This paper was written as specific guidance for the Olin Business School at Washington University in St. Louis, but the ideas should be viewed as broadly applicable.  I hope that many of them will be implemented, or that they can provide a base from which even better opportunities spring forth.  I believe this will give the school a competitive advantage in the rapidly evolving landscape of business education.  However, I hope that it is a short-lived advantage, as the faster these principles migrate from exceptions to norms, the better off we will all be.  This idea should be central to sustainability-based education and has been internalized by at least one school.  Bainbridge Graduate Institute, states its mission, “To prepare students from diverse backgrounds to build enterprises that are financially successful, socially responsible and environmentally sustainable,” and then re-frames it as follows. “We mean this mission in the broader sense – not only preparing our own students, but also helping other business schools integrate sustainability (i.e., environmental and social responsibility) into the heart of their programs.” (Bainbridge Graduate Institute 2010)

Bill McKibben, the widely respected author and activist, claims that we’ve already gone too far.  He believes that our excesses have brought us past the point on the no return and that instead of looking to halt climate change, we now need to start figuring out how to adjust to ongoing changes.   In looking at the Keeling Curve and reviewing recent climate related disasters, it is hard to argue this point.  Pre-Industrial Revolution atmospheric carbon dioxide concentrations are believed to have been around 280 PPM (RealClimate.org 2004), but these have been steadily increasing and have recently hit a record high of 387 PPM. (Merchant 2010)  For comparison, the CO2 level during the last ice age was 180 PPM. (Friedman 2008)  The earth’s climate is incredibly complex and far from being fully understood, but the first hundred point increase coincided with the change from ice age to what we might call normal conditions.  The additional hundred points has happened at a time when average temperatures increased by one degree.  Climate deniers love to point to record snows as evidence to debunk global warming, but this is a fallacious argument.  It is an undeniable fact that we have seen a rise in global temperature and since the beginning of the industrial revolution.  This may not seem like much, but with global warming comes additional atmospheric moisture.  This creates conditions that increase the likelihood, and potential intensity, of precipitation.  We witnessed the inundation of twenty percent of Pakistan earlier this year and should prepare ourselves for more of the same as “atmospheric physicists calculate that the moisture-holding capacity of modern air increases by roughly 4 percent for every rise of one degree F.” (Lenart 2008) Thus, climate models project a future increase in atmospheric water vapor along with the increase in global temperature.  In fact, this projection was called “perhaps the single most robust aspect of global warming simulations” (Lenart 2008) by scientists comparing modern GCMs[2].  “In effect, the models are agreeing that the air will hold more water vapor as it warms up. This creates conditions that potentially could lead to bigger and more frequent floods by causing more intense, heavy rainfall events, such as hurricanes and tropical storms.” (Lenart 2008)  A recent report from Oxfam International states that, “21,000 people died due to weather-related disasters in the first nine months of 2010 – more than twice the number for the whole of 2009,” and that, “this year is on course to experience more extreme-weather events than the ten-year average of 770.” (Tck Team 2010)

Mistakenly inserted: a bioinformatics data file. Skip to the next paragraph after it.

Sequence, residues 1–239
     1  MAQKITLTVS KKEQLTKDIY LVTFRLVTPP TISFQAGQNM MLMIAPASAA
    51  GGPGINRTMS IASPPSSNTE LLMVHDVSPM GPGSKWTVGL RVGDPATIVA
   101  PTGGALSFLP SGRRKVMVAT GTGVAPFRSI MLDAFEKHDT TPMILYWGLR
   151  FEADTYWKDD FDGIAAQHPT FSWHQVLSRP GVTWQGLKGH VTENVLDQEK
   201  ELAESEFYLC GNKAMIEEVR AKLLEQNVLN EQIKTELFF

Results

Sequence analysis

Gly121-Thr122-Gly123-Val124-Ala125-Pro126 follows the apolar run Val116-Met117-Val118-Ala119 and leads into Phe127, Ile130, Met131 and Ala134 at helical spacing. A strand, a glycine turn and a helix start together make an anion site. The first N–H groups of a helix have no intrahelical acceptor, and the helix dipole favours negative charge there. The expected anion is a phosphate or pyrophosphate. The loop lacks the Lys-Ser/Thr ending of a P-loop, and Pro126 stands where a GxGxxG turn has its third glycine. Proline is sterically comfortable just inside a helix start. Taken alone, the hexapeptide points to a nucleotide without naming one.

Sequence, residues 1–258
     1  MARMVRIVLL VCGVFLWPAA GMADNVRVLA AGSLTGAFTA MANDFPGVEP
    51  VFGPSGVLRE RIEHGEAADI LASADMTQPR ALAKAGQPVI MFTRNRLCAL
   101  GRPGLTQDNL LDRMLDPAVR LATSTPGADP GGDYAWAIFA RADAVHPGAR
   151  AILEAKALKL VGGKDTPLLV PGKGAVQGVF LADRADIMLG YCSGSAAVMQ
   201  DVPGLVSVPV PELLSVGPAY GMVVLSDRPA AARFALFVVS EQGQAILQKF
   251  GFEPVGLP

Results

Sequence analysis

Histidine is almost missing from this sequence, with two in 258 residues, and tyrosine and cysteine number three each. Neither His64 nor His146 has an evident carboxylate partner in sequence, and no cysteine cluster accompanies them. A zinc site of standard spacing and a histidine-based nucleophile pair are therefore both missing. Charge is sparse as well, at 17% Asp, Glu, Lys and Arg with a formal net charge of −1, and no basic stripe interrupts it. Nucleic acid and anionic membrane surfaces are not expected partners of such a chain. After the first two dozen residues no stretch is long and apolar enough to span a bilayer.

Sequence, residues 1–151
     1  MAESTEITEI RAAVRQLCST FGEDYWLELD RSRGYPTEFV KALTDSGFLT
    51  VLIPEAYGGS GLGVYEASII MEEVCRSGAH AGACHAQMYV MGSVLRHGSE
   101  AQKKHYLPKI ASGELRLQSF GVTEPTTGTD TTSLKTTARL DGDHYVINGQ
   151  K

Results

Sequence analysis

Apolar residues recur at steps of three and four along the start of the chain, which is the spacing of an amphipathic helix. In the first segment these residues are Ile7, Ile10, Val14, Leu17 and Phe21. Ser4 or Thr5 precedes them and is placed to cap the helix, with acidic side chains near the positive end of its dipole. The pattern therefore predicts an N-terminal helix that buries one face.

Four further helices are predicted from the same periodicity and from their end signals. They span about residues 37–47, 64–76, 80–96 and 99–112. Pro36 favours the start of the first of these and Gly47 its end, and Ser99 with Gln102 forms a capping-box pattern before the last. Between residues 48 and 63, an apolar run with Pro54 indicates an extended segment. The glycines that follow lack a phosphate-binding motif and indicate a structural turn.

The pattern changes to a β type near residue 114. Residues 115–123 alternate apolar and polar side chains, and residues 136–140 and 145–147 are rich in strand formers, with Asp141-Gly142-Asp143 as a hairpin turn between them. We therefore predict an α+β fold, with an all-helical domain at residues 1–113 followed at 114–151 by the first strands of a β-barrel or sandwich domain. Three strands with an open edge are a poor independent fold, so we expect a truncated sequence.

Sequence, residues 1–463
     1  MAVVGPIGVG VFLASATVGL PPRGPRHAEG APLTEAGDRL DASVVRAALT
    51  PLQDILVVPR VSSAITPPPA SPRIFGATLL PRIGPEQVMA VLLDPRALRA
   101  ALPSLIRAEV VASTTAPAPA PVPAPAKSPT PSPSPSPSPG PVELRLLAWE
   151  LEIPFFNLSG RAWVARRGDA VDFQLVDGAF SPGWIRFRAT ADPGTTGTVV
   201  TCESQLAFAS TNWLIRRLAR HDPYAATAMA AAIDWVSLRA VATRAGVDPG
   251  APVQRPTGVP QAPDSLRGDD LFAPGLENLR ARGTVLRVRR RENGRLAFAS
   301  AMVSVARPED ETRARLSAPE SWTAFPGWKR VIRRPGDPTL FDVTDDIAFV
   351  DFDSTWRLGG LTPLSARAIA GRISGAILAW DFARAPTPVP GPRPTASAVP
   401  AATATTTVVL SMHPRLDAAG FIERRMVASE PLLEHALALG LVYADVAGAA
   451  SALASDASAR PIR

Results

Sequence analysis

While Pakistan suffered its deluge, Russia burned.  Russian President Dmitry Medvedev, said many farmers were close to bankruptcy adding, “Grain has been lost on one quarter of the sown area,”  The massive fires which consumed over 20 percent of the country’s wheat fields, caused its government to ban exports of the crop through the 2011 growing season.  Taking the third largest exporter of wheat off the market limits supply for net importing countries and puts them at risk of not being able to feed those who struggle to subsist under normal conditions.

Russia and Pakistan’s troubles contributed largely towards a sixty-three million metric ton shortfall in global wheat production.  This equated to a two percent drop in production from the prior year when global production was expected to jump 1.2 percent. (Rudolph 2010)  This leads to the annoyance of higher food prices for those reading this paper, but for many it can lead to hard choices like having to prepare smaller meals, trading down to less nutritious foods or having to skip meals in order to ensure that children are properly fed.  Fortunately, unlike in 2007 and 2008, we have not yet seen riots caused by food shortages due to better than expected yields in East Africa. (Rudolph 2010)

During this summer’s fires which raged across a large swath of Russia, President Medvedev had the following to say, “Everyone is talking about climate change now,” “Unfortunately, what is happening now in our central regions is evidence of this global climate change, because we have never in our history faced such weather conditions in the past.” (Gillis 2010)  Abdul Hafeez Sheikh, Pakistan’s Finance Minister stated that his country, “had plans to export surplus wheat,” and that, “It was an economic opportunity since Russia has stopped exporting wheat, raising its price. We cannot export wheat now because we have to feed our own people.” (Shikarpur 2010)